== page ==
Have you ever been on the subway and seen something that you did not quite recognize, something mysteriously unidentifiable?
Well, there is a good chance scientists do not know what it is either.
Researchers at Weill Cornell Medical College released a study on Thursday that mapped DNA found in New York’s subway system — a crowded, largely subterranean behemoth that carries 5.5 million riders on an average weekday, and is filled with hundreds of species of bacteria (mostly harmless), the occasional spot of bubonic plague, and a universe of enigmas. Almost half of the DNA found on the system’s surfaces did not match any known organism and just 0.2 percent matched the human genome.
“People don’t look at a subway pole and think, ‘It’s teeming with life,’ ” said Dr. Christopher E. Mason, a geneticist at Weill Cornell Medical College and the lead author of the study. “After this study, they may. But I want them to think of it the same way you’d look at a rain forest, and be almost in awe and wonder, effectively, that there are all these species present — and that you’ve been healthy all along.”
Dr. Mason said the inspiration for the study struck about four years ago when he was dropping off his daughter at day care. He watched her explore her new surroundings by happily popping objects into her mouth. As is the custom among tiny children, friendships were made on the floor, by passing back and forth toys that made their way from one mouth to the next.
“I couldn’t help thinking, ‘How much is being transferred, and on which kinds of things?’ ” Dr. Mason said. So he considered a place where adults can get a little too close to each other, the subway.
Thus was the project, called PathoMap, born. Over the past 17 months, a team mainly composed of medical students, graduate students and volunteers fanned out across the city, using nylon swabs to collect DNA, in triplicate, from surfaces that included wooden benches, stairway handrails, seats, doors, poles and turnstiles.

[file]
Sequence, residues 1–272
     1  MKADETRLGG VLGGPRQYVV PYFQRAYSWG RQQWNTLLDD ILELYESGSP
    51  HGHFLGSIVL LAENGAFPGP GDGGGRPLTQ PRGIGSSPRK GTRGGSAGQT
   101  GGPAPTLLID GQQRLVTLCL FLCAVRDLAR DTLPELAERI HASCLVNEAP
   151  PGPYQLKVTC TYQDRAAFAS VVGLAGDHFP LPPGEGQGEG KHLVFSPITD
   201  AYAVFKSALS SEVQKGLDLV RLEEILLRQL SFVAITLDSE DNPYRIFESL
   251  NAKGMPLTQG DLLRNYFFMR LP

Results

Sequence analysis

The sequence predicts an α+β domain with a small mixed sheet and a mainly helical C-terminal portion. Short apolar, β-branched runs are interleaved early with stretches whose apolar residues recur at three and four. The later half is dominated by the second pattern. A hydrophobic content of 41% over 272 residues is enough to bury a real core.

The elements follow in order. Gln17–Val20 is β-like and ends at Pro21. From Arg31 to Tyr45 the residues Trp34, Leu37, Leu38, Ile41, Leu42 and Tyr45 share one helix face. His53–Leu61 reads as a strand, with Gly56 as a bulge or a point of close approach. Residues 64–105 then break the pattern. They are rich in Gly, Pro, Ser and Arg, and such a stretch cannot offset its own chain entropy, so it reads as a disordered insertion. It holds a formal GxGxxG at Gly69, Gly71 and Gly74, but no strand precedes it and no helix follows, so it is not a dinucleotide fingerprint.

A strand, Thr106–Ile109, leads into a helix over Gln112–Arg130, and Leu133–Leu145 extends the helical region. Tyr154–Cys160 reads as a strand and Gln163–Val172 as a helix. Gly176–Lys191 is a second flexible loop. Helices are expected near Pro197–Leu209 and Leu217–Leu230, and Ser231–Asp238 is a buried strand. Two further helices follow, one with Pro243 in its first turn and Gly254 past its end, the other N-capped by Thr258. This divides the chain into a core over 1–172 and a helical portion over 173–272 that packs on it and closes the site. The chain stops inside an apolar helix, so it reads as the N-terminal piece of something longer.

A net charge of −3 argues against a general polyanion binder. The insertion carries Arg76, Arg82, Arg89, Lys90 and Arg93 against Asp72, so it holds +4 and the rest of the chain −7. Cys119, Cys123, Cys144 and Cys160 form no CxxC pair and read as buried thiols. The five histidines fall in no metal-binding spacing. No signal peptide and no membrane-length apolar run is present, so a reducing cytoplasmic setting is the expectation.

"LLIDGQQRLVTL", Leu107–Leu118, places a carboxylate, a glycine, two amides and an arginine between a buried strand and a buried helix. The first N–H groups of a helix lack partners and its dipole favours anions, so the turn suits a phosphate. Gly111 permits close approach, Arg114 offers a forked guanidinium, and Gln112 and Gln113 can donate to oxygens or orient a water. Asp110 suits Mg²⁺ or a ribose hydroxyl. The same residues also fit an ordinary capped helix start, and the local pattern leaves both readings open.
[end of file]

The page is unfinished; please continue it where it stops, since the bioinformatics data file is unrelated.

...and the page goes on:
In addition to the wealth of mystery DNA — which was not unexpected given that only a few thousand of the world’s genomes have been fully mapped — the study’s other findings reflected New York’s famed diversity, both human and microbial.
The Bronx was found to be the most diverse borough in terms of microbial species. Brooklyn claimed second place, followed by Manhattan, Queens and Staten Island, where researchers took samples on the Staten Island Railway.
On the human front, Dr. Mason said that, in some cases, the DNA that was found in some subway stations tended to match the neighborhood’s demographic profile. An area with a high concentration of Hispanic residents near Chinatown in Manhattan, for example, yielded a large amount of Hispanic and Asian genes.
In an area of Brooklyn to the south of Prospect Park that roughly encompassed the Kensington and Windsor Terrace neighborhoods, the DNA gathered frequently read as British, Tuscan, and Finnish, three groups not generally associated with the borough. Dr. Mason had an explanation for the finding: Scientists have not yet compiled a reliable database of Irish genes, so the many people of Irish descent who live in the area could be the source of DNA known to be shared with other European groups. The study produced some less appetizing news. Live, antibiotic-resistant bacteria were discovered in 27 percent of the collected samples, though among all the bacteria, only 12 percent could be associated with disease. Researchers also found three samples associated with bubonic plague and two with DNA fragments of anthrax, though they noted that none of those samples showed evidence of being alive, and that neither disease had been diagnosed in New York for some time. The presence of anthrax, Dr. Mason said, “is consistent with the many documented cases of anthrax in livestock in New York State and the East Coast broadly.”
The purpose of the study was not simply to satisfy scientific curiosity, the authors said. By cataloging species now, researchers can compare them against samples taken in the future to determine whether certain diseases, or even substances used as bioterrorism weapons, had spread.
City and transit officials did not sound grateful for the examination.
“As the study clearly indicates, microbes were found at levels that pose absolutely no danger to human life and health,” Kevin Ortiz, a spokesman for the Metropolitan Transportation Authority, said in an email. And the city’s health department called the study “deeply flawed” and misleading.
Dr. Mason responded by saying he and his team had simply presented their complete results.
“For us to not report the fragments of anthrax and plague in the context of a full analysis would have been irresponsible,” he said. “Our findings indicate a normal, healthy microbiome, and we welcome others to review the publicly available data and run the same analysis.”
Thanks to Kebmodee for bringing this to the attention of the It’s Interesting community.